is a neurological scale that aims to give a reliable, objective way of recording the conscious state of a person for initial as well as subsequent assessment. A patient is assessed against the criteria of the scale, and the resulting points give a patient score between 3 (indicating deep unconsciousness) and either 14 (original scale) or 15 (the more widely used modified or revised scale).
Definition contributed by NPicchetti about six years agoNo relations have yet been associated. Glasgow Coma Scale
has been asserted to measure the following CONCEPTS
No associations have yet been added
No conditions have yet been associated.
Experimental conditions are the subsets of an experiment that define the relevant experimental manipulation.
No contrasts have yet been associated.
In the Cognitive Atlas, we define a contrast as any function over experimental conditions. The simplest contrast is the indicator value for a specific condition; more complex contrasts include linear or nonlinear functions of the indicator across different experimental conditions.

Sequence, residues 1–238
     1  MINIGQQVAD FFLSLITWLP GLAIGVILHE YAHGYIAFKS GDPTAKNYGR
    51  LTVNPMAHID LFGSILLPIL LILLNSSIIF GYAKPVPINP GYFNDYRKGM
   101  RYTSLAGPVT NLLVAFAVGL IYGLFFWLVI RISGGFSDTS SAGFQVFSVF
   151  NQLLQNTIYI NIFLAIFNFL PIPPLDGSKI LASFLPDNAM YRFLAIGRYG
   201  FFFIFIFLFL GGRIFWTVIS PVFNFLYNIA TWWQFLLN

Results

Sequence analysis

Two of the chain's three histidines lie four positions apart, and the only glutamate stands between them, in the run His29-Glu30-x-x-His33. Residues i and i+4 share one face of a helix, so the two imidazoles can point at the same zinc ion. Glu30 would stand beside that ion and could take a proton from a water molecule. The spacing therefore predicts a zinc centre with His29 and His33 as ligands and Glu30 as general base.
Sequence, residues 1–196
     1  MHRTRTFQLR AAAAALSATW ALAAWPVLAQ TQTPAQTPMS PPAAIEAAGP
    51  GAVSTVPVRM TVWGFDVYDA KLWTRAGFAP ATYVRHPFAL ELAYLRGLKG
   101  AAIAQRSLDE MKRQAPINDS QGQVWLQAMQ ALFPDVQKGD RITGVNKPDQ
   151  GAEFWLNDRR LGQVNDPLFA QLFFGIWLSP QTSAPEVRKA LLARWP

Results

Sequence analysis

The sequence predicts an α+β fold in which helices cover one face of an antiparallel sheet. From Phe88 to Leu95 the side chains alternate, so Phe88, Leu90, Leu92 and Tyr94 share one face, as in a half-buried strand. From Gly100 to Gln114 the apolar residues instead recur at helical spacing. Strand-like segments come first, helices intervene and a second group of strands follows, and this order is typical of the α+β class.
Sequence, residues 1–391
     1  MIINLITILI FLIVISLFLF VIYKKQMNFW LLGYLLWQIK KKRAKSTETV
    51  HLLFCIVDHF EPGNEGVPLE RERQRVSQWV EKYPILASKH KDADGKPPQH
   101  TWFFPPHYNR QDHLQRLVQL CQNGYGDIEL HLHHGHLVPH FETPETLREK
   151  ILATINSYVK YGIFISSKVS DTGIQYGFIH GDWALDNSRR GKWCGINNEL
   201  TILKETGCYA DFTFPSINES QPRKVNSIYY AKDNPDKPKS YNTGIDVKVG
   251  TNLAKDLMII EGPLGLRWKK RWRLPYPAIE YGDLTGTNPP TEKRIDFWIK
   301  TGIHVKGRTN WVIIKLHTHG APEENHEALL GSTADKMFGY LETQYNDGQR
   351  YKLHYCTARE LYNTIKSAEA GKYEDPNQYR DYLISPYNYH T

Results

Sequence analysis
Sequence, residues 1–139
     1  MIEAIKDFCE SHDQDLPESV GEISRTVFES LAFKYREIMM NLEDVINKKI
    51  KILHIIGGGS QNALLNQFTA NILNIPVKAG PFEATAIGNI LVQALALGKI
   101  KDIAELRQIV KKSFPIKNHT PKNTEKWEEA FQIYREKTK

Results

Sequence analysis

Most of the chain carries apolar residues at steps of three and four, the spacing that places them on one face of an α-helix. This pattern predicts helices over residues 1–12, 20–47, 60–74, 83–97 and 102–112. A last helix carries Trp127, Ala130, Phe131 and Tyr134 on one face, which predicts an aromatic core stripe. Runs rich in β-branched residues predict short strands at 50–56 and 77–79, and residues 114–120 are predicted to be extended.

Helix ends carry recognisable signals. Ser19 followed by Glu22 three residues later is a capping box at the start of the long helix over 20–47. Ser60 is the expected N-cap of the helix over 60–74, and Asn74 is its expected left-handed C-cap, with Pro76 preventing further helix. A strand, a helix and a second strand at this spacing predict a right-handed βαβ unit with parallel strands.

No indicators have yet been associated.
An indicator is a specific quantitative or qualitative variable that is recorded for analysis. These may include behavioral variables (such as response time, accuracy, or other measures of performance) or physiological variables (including genetics, psychophysiology, or brain imaging data).
"Initial definition retrieved from http://en.wikipedia.org/wiki/Glasgow_coma_scale"NPicchetti (about six years ago)
Term BibliographyNo studies have been associated yet.
This page also available as: